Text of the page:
While not wanting to alienate myself from the great and the good of the tax world, my newly acquired toy seems as good a place as any to ask for the traditional Budget predictions.
Not surprisingly it reacted with disbelief when I asked whether Brown would increase the basic rate of income tax. ‘Are you kidding?’ it responded.
And the ball was only slightly less certain that Brown would resist the temptation to increase the rate of VAT to bring it into line with Europe -ð and at the same time raise a few billion quid.
That one will probably have to wait for the post-election Budget. But we ‘can count on’ a slew of new anti-avoidance measures, there is ‘absolutely no chance’ that inheritance tax will be tampered with and I am ‘not to bet on’ the possibility of the pre-owned assets regime finally being clarified.
One particular prediction I found frighteningly astute, considering it had been offered by a round, plastic toy, was that resident and domicile rules would not be visited ‘just now’. This revelation could have come straight from the horse?s mouth!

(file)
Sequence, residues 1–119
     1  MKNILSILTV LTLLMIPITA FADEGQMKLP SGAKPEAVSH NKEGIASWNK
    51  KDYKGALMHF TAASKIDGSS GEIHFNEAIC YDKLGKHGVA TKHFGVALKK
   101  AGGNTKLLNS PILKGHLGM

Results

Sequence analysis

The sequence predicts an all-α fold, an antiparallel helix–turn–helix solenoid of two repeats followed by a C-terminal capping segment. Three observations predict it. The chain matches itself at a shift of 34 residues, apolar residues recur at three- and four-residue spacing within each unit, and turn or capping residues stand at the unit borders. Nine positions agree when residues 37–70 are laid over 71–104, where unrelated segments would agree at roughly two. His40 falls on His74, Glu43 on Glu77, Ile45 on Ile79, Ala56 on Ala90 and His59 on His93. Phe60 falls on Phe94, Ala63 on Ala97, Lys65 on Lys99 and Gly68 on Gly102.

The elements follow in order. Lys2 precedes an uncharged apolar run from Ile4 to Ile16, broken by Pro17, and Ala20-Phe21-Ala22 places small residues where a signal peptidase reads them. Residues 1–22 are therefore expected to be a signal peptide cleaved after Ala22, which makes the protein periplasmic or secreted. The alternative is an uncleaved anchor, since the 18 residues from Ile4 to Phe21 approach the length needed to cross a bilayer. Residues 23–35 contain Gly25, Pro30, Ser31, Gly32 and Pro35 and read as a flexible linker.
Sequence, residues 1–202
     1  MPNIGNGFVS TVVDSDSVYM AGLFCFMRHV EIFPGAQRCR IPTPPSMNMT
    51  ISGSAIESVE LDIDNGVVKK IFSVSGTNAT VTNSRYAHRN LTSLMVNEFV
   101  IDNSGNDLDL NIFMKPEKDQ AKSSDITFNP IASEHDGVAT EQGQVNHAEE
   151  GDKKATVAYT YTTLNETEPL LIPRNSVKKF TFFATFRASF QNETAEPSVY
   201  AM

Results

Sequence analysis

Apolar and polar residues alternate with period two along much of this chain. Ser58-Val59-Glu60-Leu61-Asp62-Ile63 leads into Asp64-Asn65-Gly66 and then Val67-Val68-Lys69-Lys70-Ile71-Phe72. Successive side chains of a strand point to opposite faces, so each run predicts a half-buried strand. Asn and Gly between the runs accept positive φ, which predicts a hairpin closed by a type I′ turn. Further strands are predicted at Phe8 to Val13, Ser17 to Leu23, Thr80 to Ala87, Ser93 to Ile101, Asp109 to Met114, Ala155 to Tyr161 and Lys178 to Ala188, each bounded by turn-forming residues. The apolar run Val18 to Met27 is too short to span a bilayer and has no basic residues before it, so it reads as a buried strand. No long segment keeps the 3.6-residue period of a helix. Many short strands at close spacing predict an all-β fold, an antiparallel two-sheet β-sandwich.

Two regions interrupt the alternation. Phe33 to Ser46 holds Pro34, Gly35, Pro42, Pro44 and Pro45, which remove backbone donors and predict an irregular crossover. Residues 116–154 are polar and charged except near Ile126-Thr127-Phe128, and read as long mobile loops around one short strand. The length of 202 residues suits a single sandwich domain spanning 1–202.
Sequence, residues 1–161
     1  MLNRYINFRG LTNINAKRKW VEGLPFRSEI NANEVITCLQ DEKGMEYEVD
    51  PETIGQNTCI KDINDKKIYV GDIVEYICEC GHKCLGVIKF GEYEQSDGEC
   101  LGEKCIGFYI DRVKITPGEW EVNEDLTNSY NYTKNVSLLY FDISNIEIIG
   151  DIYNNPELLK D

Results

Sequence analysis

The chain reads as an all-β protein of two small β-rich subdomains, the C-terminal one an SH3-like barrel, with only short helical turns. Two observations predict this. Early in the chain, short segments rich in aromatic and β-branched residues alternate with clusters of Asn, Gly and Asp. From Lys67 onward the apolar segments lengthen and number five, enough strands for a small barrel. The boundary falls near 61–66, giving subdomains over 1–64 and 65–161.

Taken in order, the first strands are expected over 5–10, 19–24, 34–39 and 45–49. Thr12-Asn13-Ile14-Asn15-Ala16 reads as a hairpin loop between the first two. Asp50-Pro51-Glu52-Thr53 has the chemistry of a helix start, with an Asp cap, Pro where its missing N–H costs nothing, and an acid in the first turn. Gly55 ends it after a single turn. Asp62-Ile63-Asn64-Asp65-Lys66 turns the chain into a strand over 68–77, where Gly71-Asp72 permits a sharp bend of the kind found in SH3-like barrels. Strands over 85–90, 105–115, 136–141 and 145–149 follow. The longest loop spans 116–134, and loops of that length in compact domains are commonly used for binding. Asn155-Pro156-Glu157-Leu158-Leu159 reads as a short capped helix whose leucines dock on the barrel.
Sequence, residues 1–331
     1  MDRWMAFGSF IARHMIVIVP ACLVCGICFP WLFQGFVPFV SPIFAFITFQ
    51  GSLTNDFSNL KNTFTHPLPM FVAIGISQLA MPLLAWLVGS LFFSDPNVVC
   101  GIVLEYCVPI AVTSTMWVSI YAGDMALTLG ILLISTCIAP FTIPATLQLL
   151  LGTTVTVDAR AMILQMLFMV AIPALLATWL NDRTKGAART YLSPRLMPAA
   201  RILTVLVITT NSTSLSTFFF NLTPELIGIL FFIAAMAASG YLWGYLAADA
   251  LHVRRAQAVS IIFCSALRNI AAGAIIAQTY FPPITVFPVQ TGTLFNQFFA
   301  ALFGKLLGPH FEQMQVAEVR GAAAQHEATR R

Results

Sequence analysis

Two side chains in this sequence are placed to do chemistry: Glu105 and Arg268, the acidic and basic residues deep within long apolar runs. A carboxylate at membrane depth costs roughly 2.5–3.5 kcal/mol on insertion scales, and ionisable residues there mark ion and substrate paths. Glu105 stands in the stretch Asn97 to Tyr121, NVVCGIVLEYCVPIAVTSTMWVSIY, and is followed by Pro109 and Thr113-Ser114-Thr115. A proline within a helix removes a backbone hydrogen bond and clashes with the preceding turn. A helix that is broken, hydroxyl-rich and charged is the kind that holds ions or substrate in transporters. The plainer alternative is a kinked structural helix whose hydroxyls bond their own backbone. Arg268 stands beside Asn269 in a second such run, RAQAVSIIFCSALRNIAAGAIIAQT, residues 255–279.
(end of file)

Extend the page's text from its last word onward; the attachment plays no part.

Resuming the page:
I am the first to admit that asking a toy for Budget predictions is a little pointless, but I would also argue that the Budget itself is teetering on the edge of pointlessness too.
Normally, one of the most exciting days of the calendar for the news desks of business papers, this year the Budget already has a hint of farce about it.
Brown is more likely to accept a job at the Foreign Office than say anything remotely controversial this close to a general election.
And while we are all aware that he will probably have to raise that few billion quid somehow over the next couple of years, next week is certainly not the time to do it.
So, expect the odd boast over tax credits here, a tweak of tax legislation there and start wondering what you will have for dinner by about a quarter past one next Wednesday.
I didn?t need the magic 8-ball to predict that.
Does Darwin's theory apply to taxation? Colin ponders...
The EC has been instructed to draft a European Union (EU) directive authorising an EU financial transaction tax, which would apply to ten of the EU’s 28 member states
Accountancy watchdog the FRC has dropped its investigation into the former chief financial officer of Tesco, nearly two years after the supermarket was engulfed in an accounting scandal
Colin imagines how Apple's logo might change in the wake of the EC's ruling over its Irish tax arrangements